Is beneficial bacteria the key to managing soil-borne diseases?

Soil-borne diseases cost farmers millions of dollars in lost yield every year. Chemical pesticides and fungicides may be effective but they can also deplete the soil biology and be difficult to manage with strict criteria for handling and use, as well as withholding periods and residue considerations. So could the use of beneficial bacteria be an alternative?

Preventing frost damage with bacterial help

P.fluorescens also produces antibiotics as secondary metabolites, assisting with reducing soil borne diseases and can assist with preventing infection of already damaged tissue. This microbe has been researched nationally and internationally for its potential in reducing soil borne pathogens and frost protection, with up to 80% reduction in frost damage (-4⁰C temperatures) and 25-45% increases in…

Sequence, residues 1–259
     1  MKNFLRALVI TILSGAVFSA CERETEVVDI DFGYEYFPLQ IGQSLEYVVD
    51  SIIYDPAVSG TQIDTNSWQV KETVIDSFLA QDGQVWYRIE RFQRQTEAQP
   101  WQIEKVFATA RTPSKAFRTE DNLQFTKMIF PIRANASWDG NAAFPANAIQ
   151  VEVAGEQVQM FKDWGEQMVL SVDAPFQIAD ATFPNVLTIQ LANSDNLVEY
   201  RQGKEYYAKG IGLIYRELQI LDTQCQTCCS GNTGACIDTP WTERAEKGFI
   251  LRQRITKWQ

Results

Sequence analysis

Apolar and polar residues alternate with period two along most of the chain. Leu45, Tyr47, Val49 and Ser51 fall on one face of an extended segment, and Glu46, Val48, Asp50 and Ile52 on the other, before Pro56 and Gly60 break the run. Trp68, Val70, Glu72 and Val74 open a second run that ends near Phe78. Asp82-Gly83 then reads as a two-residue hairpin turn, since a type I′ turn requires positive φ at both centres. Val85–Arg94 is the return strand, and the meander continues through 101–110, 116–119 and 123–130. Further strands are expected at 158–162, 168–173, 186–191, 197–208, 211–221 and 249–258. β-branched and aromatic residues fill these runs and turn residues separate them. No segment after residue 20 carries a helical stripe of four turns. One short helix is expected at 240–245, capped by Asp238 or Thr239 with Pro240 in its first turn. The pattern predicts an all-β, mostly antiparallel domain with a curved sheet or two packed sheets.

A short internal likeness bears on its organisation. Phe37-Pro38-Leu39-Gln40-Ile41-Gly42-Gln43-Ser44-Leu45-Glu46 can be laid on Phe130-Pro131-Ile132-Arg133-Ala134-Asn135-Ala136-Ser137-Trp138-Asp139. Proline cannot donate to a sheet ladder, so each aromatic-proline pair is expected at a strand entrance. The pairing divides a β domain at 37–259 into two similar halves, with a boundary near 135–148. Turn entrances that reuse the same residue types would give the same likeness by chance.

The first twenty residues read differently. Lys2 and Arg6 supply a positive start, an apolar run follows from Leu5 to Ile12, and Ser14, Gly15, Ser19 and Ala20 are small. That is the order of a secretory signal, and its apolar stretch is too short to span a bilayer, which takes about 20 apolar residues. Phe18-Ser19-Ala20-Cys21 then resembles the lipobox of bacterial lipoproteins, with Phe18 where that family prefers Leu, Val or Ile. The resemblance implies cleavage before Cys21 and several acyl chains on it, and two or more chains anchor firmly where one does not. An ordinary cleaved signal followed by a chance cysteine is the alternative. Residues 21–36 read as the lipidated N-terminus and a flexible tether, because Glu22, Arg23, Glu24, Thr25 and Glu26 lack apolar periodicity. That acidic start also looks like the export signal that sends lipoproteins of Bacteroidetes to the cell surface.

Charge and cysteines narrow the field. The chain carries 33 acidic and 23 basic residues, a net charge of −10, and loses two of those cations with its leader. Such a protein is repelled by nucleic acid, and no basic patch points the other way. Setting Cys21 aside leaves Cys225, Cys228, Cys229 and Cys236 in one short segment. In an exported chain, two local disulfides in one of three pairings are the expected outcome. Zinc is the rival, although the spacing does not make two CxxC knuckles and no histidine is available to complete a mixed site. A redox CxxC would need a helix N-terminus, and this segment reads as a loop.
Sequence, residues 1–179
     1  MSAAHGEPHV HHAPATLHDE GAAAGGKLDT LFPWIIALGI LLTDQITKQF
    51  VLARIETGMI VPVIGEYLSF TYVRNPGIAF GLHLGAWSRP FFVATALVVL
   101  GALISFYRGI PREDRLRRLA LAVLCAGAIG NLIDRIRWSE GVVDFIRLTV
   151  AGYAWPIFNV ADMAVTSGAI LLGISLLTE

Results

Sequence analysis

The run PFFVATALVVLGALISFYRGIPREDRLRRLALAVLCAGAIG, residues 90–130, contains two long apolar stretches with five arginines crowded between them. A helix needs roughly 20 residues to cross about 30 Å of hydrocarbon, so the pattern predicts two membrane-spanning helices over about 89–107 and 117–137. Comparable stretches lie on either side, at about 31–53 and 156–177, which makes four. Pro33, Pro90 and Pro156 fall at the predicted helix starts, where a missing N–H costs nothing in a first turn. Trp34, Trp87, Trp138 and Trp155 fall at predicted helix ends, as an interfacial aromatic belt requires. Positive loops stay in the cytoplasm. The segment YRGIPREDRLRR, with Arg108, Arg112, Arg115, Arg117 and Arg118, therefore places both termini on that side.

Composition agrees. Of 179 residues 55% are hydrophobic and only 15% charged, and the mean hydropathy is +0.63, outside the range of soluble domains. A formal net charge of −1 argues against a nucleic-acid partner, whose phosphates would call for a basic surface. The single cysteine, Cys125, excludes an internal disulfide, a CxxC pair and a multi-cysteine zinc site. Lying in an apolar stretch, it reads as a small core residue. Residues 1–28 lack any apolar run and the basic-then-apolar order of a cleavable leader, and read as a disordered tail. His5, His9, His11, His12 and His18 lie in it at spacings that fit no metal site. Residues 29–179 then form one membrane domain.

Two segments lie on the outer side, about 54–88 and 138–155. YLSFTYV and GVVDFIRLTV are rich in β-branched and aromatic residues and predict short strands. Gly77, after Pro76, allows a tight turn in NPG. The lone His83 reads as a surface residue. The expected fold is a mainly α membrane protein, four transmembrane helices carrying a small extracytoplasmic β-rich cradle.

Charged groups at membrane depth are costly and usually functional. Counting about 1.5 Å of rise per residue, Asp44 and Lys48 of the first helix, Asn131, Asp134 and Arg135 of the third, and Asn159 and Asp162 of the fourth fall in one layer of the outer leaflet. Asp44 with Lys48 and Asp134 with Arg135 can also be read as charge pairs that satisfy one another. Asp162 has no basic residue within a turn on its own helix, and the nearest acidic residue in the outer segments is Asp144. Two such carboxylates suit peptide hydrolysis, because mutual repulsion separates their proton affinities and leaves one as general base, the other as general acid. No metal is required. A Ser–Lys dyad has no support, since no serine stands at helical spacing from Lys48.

Boosting germination with biology

Attaining predictable and high germination rates is the first step in achieving a strong and profitable crop. Research over the years has documented the affect of light, temperature and moisture on germination but more recently, the effect of beneficial microbiology on germination has also begun to be understood. The ability of beneficial microbes to stimulate…